However, again, these purchases aren’t always necessary. 

A huge PBX cost savings is the fact that the third-party provider, not the end user, is responsible for maintenance and upkeep costs since the server is hosted completely offsite. 

Monthly PBX services fees will vary based on features and the number of users, but usually cost between $20.00-$50.00/user per month. 

 

SIP Trunking Costs

The biggest SIP Trunking expenses are the on-premises phone system equipment, and the in-house IT team needed to manage it. 

On-premises hardware alone costs between $3,000-$5,000 and up – already costing more than the complete Hosted PBX experience. Installation fees could cost between $1200-$3000, depending on the complexity of the system. 

Then, there are the maintenance and upkeep costs. Depending on your system’s age and model, maintenance expenses could be manageable at $100 or less a month, or could easily cost in the thousands if there’s a serious issue. 

Plus, SIP Trunk users will also need to pay for in-house IT staff to ensure the system runs smoothly. This could cost between $40,000-$70,000 and up for a year’s salary. 

Finally, don’t forget those monthly service fees, which usually cost between $15.00-$30.00/line per month. 

 

The Verdict

SIP Trunking for an on-premise PBX system has a much greater initial investment than a Hosted PBX solution.

Hosted PBX solutions have lower installation fees, don’t require expensive on-premise equipment/hardware, and businesses won’t have to worry about hiring an IT team to handle upkeep and maintenance.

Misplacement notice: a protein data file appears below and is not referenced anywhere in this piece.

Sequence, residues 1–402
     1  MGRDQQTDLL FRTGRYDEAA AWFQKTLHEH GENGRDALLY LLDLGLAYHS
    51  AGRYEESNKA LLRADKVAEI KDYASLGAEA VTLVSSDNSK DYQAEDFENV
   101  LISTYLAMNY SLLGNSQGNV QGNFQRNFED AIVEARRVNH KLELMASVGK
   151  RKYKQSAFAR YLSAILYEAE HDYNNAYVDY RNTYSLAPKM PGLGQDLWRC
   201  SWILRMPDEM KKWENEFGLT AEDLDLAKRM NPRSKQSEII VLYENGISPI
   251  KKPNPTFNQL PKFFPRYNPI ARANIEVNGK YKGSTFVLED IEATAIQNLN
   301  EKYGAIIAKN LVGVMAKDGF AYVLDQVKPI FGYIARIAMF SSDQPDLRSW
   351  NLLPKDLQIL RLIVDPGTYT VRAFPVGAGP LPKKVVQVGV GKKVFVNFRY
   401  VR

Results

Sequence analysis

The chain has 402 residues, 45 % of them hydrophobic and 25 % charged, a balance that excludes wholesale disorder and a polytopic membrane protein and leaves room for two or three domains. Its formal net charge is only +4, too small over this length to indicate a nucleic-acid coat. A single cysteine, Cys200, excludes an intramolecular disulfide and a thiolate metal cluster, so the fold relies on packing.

Scalability and Flexibility

Scalability and flexibility are essential factors to consider when evaluating the type of phone system you need. 

Scalability gives users the ability to “scale” their business phone service up or down according to needed features and number of users. Flexibility refers to overall system mobility, often physically. It also deals with the types of devices users can rely on to connect to the system. 

 

SIP Trunking Scalability and Flexibility

Although it might seem counterintuitive because it works alongside on-premise equipment tied to a specific location, SIP Trunking offers a good amount of flexibility and scalability, even for remote or blended teams. 

Why? 

Because SIP combines both voice and data communications into one line instead of requiring several separate phone lines and numbers. 

SIP Trunks make it possible for users to communicate not only via voice calling, but also video conferencing, instant chat messaging, emailing, and other channels with one phone number. They also offer fast scalability, key for rapidly-expanding businesses. 

The downside here is that on-premise PBX systems often impose licensing regulations that limit the types of applications and platforms that SIP Trunk users have access to. 

 

Hosted PBX Scalability and Flexibility

Hosted PBX phones also offer a good degree of scalability and flexibility, though not quite at the level of SIP Trunking. 

Instead, Hosted PBX is about letting users communicate on numerous devices – as long as they have Internet connectivity – across a wide variety of Operating Systems. Hosted PBX users aren’t limited by the licensing regulations of on-premise equipment. 

Smaller, but mobile teams that don’t have plans for a massive expansion overnight will get the most out of Hosted PBX. 

They’ll also be able to choose from scalable, tiered bundled plans from their provider instead of having to rely on an in-house team to manage communication capabilities and features.  

 

The Verdict

Larger teams or SMBs that plan to quickly expand across multiple locations and require a phone system with unlimited connectivity should rely on SIP Trunking.